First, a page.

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09.24.17 Blessing in the Big Picture Luke 6:20-28 Sermon Summary

by on September 25, 2017

Even though James is one of the least distinctively Christian books in the New Testament, it strongly agrees with Jesus about the rich.

Summary Points

  • Summary of last two weeks
  • God’s Kingdom as inversion of this world
  • The rich and the poor have different experiences of this inversion
  • Looking to the end to see how the inversion is good news for the rich also

The last two weeks we’ve been looking at the idea of blessing. We saw that God blesses us in order for us to bless others, like the Jordan River which gives life to the Sea of Galilee by passing through it. The two parts of a blessing are the gift we receive from God and the way we use it to give life to others. We also saw that we know we are a blessing to others when we give them reason to be thankful.

To conclude this mini-series on blessing, I want to consider where we look for blessings and the power to pass them on to others.

It’s often said that God’s Kingdom is an inversion of this world. That’s why Jesus’ parables so often surprise and challenge us. When he says, “the Kingdom of God is like . . .” the end is little like what we know the kingdom of the world to be like.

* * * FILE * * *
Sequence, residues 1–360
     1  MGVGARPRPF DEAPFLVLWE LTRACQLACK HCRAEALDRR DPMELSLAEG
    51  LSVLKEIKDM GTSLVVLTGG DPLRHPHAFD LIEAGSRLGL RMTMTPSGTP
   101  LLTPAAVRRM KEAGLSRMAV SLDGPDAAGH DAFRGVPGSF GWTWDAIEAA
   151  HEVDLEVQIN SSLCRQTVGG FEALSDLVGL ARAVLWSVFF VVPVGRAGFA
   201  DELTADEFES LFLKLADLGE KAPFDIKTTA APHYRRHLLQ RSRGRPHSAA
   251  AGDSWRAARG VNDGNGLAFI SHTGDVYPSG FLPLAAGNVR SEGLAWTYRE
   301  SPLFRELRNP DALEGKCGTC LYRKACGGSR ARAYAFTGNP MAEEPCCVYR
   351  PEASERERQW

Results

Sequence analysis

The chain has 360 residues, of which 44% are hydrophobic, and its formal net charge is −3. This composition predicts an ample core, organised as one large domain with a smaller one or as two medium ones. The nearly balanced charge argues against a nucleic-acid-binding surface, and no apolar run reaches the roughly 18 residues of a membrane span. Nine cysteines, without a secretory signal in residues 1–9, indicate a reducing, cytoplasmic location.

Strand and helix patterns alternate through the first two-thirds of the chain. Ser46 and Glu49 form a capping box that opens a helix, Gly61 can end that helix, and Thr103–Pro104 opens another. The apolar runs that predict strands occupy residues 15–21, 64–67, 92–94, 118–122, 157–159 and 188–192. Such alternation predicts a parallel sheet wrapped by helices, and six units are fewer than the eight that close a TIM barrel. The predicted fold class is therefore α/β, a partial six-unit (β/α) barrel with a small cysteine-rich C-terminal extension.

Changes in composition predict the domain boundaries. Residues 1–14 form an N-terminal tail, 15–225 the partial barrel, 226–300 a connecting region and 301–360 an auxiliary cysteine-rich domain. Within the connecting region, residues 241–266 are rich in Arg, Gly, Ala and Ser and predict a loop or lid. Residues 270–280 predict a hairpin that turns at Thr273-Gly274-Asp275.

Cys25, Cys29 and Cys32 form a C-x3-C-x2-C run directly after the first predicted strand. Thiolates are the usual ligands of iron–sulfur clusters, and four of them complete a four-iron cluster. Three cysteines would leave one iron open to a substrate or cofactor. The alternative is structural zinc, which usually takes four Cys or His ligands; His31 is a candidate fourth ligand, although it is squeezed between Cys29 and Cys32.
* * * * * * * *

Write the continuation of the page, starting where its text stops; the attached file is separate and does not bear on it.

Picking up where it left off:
In his first sermon, Jesus already begins to turn the world upside down. He quotes Isaiah and claims that he has been anointed to “proclaim good news to the poor, and freedom for the oppressed.” Good news to them may not be good news for others. What about those who benefit from the poverty and oppression of others? It is harder for them to recognize Jesus’ proclamation as good news. It may feel like bad news; inconvenient news.

The Kingdom as inversion feels good for those who are on the bottom. But not so much for those on top. James predicts it will be miserable. For people on the top, their treasures will rot away and their fine clothes will be eaten by moths. The victims of injustice will cry out to God who will finally hear them. The inversion of God’s Kingdom will reveal that our high living has simply fattened us for our slaughter.

At this point we may agree with Luther who didn’t find much of value in the book of James. And we may look to Jesus the Savior for a word of comfort. But what we’ll find is Jesus proclaiming “woe” to the rich, for they have received their consolation. And to the satisfied, for they will be hungry. And upon those who laugh now, for they will mourn and weep. This good news for the poor and oppressed, for the ones on the bottom of society, does not sound so good for the ones on top; not so good for the rich and privileged.

But isn’t Jesus the Savior of all? Shouldn’t good news be good news for everyone—poor and rich? Luke tells us that Jesus is addressing his disciples, most of whom were poor and oppressed, but apparently some were rich and satisfied. How IS the good news good for them?